One Man's Hero

on September 24, 1999 by Mike Kerrigan
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   The story of the Saint Patrick Battalion, which fought with Mexico in the war against America in the middle of the last century, is a footnote to history almost totally ignored in the United States. But it's a compelling story that has almost made its way to the bigscreen several times. Now it has--and a rattling good movie it is.
   The film is almost a throwback to the costume epics of yesteryear when filmmakers used every bit of the wide screen and told tales in bold strokes. The core of the story is a complex moral dilemma faced by the small band of soldiers but it's played out on the vast canvas of overwhelming social change. It tackles the subject with diligence but still manages to be wonderfully entertaining.
   Irish emigrants fleeing the potato famine were promised U.S. citizenship if they joined the army. Not only was the promise broken but the soldiers faced discrimination because of their Catholic religion. When the U.S. declared war against Mexico to seize territory, some Irish soldiers deserted and went over to the Mexican side. When Mexico lost, many were executed for treason.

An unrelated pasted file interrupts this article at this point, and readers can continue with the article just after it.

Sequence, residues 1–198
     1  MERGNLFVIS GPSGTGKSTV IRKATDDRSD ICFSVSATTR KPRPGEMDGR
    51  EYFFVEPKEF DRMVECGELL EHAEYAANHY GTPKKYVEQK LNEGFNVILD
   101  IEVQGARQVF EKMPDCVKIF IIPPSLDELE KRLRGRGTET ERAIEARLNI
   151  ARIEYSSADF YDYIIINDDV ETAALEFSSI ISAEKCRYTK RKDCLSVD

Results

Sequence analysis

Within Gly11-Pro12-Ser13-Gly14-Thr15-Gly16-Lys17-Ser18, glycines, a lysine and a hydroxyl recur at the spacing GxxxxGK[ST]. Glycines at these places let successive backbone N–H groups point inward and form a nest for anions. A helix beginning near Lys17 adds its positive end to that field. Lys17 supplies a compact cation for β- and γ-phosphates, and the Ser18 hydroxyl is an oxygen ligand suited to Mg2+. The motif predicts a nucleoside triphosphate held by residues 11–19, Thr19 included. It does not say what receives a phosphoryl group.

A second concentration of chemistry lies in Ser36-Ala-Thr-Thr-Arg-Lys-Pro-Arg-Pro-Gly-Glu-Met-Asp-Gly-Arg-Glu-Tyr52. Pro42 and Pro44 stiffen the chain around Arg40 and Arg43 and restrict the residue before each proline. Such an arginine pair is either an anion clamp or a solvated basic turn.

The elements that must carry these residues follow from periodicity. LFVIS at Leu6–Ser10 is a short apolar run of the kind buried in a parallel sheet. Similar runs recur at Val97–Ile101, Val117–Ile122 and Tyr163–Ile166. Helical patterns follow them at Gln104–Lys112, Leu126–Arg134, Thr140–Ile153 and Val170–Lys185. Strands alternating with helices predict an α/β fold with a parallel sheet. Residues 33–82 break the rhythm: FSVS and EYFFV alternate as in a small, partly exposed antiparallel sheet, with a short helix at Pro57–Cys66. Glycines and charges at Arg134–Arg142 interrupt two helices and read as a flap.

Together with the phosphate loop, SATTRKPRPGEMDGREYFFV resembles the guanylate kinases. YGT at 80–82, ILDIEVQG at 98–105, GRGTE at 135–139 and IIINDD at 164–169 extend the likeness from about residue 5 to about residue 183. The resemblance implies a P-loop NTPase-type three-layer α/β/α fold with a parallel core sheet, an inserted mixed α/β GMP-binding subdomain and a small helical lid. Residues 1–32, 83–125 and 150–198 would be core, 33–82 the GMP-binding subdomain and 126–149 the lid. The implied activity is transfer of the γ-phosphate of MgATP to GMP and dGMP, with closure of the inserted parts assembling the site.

Director/writer Lance Hool weaves a love story through the beautifully photographed action and the intricate ethics of the drama with a very confident hand. Casting is spot-on with the strong, quiet Tom Berenger perfect as Sergeant John Riley, the real-life hero of the story. And it's hard to imagine anyone better than the multi-talented Daniela Romo as his love interest or Joaquim de Almeida as the swashbuckling rebel leader.
   After watching the classic adventures made by John Ford, Michael Curtiz, George Stevens, David Lean and the rest, people often complain, "They don't make 'em like than anymore." Well, apparently they still do.    Starring Tom Berenger, Daniela Romo and Joaquim de Almeida. Directed by Lance Hool. Written by Lance Hool and Milton S. Gelman. Produced by Lance Hool, William J. Macdonald and Conrad Hool. An MGM release. Historical drama. Rated R for violence. Running time: 122 min.
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